Operating without any form of invitation from Damascus, or any resolution under international law, a US F-18 Super Hornet downed a Syrian Su-22 fighter-bomber over eastern Syria as it engaged targets in territory occupied by the so-called “Islamic State” (ISIS).
It was the latest in a series of direct military strikes carried out by the US against Syrian government forces as they attempt to retake positions from terrorist organizations operating in their territory.
The move was categorically condemned by the Syrian government and its allies, including Russia.
The Washington Post would report in its article, “Russia threatens to treat U.S. coalition aircraft as targets over Syria,” that:
On Monday, the Russian Defense Ministry said its warplanes had been operating in the area of the encounter between the U.S. and Syrian jets. It said the coalition had not used the deconflicting hotline to warn the Russian jet.
“Multiple military actions of U.S. aviation under the guise of fighting terrorism against the legal military of a state that is a member of the United Nations are a flagrant violation of international law and constitute de facto military aggression against the Syrian Arab Republic,” the ministry said.
The Washington Post also made mention of, “the possibility that the U.S. could be forced to deviate further from its stated policy in Syria, which only involves targeting Islamic State militants,” betraying 6 years of reporting even by the Washington Post itself admitting America’s role in Syria as primarily focused on regime change, not fighting terrorists – as the Russian Defense Ministry alluded to.
Regime Change, Continuity of Agenda
The Washington Post and other Western media outlets are also contradicting a now infamous US Defense Intelligence Agency (DIA) memo (PDF) from 2012 which stated:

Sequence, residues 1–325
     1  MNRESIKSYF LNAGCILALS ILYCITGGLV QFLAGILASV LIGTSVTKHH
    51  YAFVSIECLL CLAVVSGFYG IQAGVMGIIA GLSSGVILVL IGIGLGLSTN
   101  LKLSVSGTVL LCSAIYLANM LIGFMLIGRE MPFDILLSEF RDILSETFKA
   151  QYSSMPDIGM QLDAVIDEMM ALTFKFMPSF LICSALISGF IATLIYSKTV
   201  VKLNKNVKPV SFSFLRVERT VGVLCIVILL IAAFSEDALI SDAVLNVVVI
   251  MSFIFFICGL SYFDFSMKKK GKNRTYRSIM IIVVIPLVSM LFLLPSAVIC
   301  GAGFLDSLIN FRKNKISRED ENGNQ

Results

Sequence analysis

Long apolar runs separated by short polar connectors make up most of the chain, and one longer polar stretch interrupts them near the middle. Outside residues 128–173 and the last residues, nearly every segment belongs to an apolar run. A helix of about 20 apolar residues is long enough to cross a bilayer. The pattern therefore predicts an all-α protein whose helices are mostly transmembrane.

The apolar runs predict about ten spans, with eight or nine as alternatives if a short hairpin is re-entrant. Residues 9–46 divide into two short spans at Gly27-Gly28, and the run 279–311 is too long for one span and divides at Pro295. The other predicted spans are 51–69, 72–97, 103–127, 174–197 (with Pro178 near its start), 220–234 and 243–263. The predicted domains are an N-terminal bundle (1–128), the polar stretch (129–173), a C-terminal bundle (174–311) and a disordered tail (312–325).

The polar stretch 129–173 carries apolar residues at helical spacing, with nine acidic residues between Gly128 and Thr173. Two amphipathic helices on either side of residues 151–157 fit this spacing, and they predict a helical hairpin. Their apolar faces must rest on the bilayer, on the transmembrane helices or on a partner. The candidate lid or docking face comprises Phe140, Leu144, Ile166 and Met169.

If the situation unravels there is the possibility of establishing a declared or undeclared Salafist principality in eastern Syria (Hasaka and Der Zor), and this is exactly what the supporting powers to the opposition want, in order to isolate the Syrian regime, which is considered the strategic depth of the Shia expansion (Iraq and Iran).
The DIA memo also explains exactly who the “supporting powers” are (and who would oppose a Salafist principality):
The West, Gulf countries, and Turkey support the opposition; while Russia, China, and Iran support the regime.
With the United States now responsible for multiple strikes against the Syrian military as Syrian forces battle ISIS militants and attempt to retake eastern territory, it is clear that the US is willing to risk wider war in pursuit of the 2012 agenda of using ISIS to “isolate the Syrian regime.”
By hindering Syrian forces attempting to move east toward Raqqa, Deir ez-Zor, and beyond, the US hopes to continue stationing both its own forces, and armed proxies creating a de facto state within a state separate and opposed to the government in Damascus.
From this carved out territory – having long-since failed the outright overthrow of the Syrian government – the US plans to incrementally expand westward from ISIS-held territory – while Turkish forces and their proxies move south, and another contingent of US forces from Jordan attempt to move north-northeast – in an attempt to eventually consume the Syrian state.
US policymakers from the corporate-financier funded think tank, the Brookings Institution, have repeatedly published papers over the years detailing this plan. In a 2016 paper aptly titled, “Deconstructing Syria: A Confederal Approach,” it’s stated clearly that;